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Douglas Kroll | | January 6, 2014

Kroll: The year of Winston

jameis, winston, florida, state

NEWPORT BEACH, Calif. -- We should’ve seen all of this coming from Jameis Winston.

The Heisman Trophy. Playing for the BCS Championship. All in his freshman season as the Florida State quarterback.

He completed the first 11 passes of his career en route to going 25 of 27 in a Labor Day night win at Pittsburgh. It was the highest completion percentage for any FSU quarterback with a minimum of 15 attempts. And it was how one of the best offenses in the nation got its start.

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“I was a little bit in awe, I think, like a lot of people, just the poise and composure that he had,” FSU quarterbacks coach Randy Sanders said. “You saw it every day in spring practice, through the summer, through the fall. But for it to show up on game day that way; that was nice to see. And he had two incompletions, one of them was a throw away, and the other one could have been ruled a completion on the sideline.”

Winston finished with 356 yards and tossed four touchdowns in welcoming the Panthers to the ACC in front of a national television audience. Not every coach knew it was going to be that great.

“I would say the Pittsburgh game,” FSU wide receivers coach Lawrence Dawsey said of when he knew what he had. “Going into the season with a freshman quarterback, not really knowing what to expect, yeah, we saw some good things in practice, but actually going into that game and seeing the performance, seeing how well that not only the quarterback played but the receivers, the backs, special teams, just everything we felt right now if they continued to just work hard to get better each and every week, we had a chance to have something special.”

And special is what they have.

Florida held the Seminoles to 37 points – their lowest output of the season for a group that surpassed 50 points in seven of their 13 games for a nation-leading average of 53.0 points per game.

They average 7.81 yards per play. Think about that and let it digest …

Every single one of their 90 offensive touchdowns looked as if it came with relative ease. All with a kid doing it for the first time at the collegiate level.

“We've got a team and the coaching staff that we've got, it looks easy,” Winston said. “But people don't look at the behind closed doors and how much hard work we put into this. We prepared ourselves for situations like this and we prepared ourselves every day at practice and the things we do every single day.”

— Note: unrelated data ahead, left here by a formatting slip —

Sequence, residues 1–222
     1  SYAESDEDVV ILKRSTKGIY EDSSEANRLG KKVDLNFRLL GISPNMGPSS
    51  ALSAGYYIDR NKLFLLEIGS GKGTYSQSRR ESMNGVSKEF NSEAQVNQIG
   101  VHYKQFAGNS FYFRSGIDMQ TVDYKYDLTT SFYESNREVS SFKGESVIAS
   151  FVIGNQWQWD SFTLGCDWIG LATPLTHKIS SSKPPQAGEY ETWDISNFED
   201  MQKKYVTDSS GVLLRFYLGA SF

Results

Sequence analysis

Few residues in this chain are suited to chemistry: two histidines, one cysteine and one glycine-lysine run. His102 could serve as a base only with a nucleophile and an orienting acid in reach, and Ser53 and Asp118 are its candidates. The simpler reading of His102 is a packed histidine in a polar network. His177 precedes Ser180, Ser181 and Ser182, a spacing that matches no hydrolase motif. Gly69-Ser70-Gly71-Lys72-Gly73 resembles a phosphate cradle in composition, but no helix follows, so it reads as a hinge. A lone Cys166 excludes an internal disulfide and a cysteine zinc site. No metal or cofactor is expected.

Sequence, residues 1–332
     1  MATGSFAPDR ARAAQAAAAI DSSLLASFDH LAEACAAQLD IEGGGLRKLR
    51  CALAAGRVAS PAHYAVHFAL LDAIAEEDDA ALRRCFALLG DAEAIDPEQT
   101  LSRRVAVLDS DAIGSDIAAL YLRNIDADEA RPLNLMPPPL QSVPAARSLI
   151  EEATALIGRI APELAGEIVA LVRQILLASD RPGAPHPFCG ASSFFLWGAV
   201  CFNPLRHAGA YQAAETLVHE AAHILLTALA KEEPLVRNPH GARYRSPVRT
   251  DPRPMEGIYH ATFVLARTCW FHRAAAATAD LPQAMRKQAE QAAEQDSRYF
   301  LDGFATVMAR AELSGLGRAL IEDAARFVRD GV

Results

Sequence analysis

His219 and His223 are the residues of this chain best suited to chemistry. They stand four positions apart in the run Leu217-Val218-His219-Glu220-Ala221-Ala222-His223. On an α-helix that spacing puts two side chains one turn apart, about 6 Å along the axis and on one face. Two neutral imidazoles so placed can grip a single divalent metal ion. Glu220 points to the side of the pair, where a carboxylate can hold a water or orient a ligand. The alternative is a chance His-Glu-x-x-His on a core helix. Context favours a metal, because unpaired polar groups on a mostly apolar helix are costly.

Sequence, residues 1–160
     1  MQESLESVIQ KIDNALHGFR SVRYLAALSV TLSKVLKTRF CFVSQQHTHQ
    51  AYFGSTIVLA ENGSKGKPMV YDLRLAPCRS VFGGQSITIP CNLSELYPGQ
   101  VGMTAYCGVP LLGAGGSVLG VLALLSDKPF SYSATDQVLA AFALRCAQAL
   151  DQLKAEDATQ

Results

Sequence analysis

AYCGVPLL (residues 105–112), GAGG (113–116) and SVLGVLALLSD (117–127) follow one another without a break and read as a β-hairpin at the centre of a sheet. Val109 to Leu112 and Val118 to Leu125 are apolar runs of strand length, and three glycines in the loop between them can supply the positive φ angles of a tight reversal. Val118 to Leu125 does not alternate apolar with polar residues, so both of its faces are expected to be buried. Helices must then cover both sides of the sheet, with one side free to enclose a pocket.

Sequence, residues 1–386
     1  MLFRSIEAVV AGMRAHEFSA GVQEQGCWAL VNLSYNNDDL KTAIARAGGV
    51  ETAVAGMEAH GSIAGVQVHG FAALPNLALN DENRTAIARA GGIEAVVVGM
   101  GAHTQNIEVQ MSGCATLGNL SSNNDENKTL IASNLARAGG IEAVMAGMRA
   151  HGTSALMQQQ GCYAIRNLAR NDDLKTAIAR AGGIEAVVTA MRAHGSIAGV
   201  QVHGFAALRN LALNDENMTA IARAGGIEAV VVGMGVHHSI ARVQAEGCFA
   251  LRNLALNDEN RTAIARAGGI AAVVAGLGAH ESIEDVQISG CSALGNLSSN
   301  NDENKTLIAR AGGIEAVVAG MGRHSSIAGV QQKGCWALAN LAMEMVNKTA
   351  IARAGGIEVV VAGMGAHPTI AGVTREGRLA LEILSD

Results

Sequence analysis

Winston has done more than just win 13 games and a Heisman Trophy and the hearts of the Seminole country. He’s changed lives.

Take Winston’s position coach Randy Sanders. He came to Tallahassee after a woeful three-year stay at Kentucky as offensive coordinator.

“What he's done is amazing,” Sanders said of Winston. “You asked has his life changed? Well, he's changed mine. Last year at this time I was 2-10 and out of a job. So to be here at Florida State in the national championship game is a dream come true for me."

Famous Jameis was close to never becoming a thing in the Florida panhandle. Being a great baseball player in addition to a freak quarterback meant he had options. Not just other schools but the MLB draft.

There was LSU and Alabama. Stanford, too. But Florida State’s baseball staff, led by Mike Martin, told him not to worry about the draft. He should come to Tallahassee to prepare for it instead.

Even then, Winston had dreamed of playing for Texas. Florida State head coach Jimbo Fisher should thank the Texas staff every day.

“Texas was my favorite time,” Winston said. “Through the whole recruiting process, I said to my coach, ‘We got to get Texas on the phone.’ When I was young, I looked up to Vince Young. I always wanted to go to Texas. I tried to call a couple times because I really liked Texas.”

Winston said he never talked to Mack Brown.

But it’s all worked out just fine so far in a freshman season that has seen him set FBS freshman records for most yards passing (3,820) and touchdown passes (38) and seen his team blow out every opponent they've faced.

“I said, ‘Guys, where in the rule book does it say we can't blow out everybody that we play?’ Winston said. “We took that mentality and ran with it. The NCAA has all these rules, but it does not say you cannot blow out everybody you play. That's the mentality we took.”

Now he’s prepared to take on Auburn for the national championship on Monday night at the Rose Bowl.

“This is going to be a real tough game for us because Auburn holds the ball all the time with their dynamic running game,” Winston said. “Alabama blew out Notre Dame in the championship game last year. We can do anything we want to do.”

Winston will spend his 20th birthday playing in the national championship game, and the way things have gone -- he'll win it.

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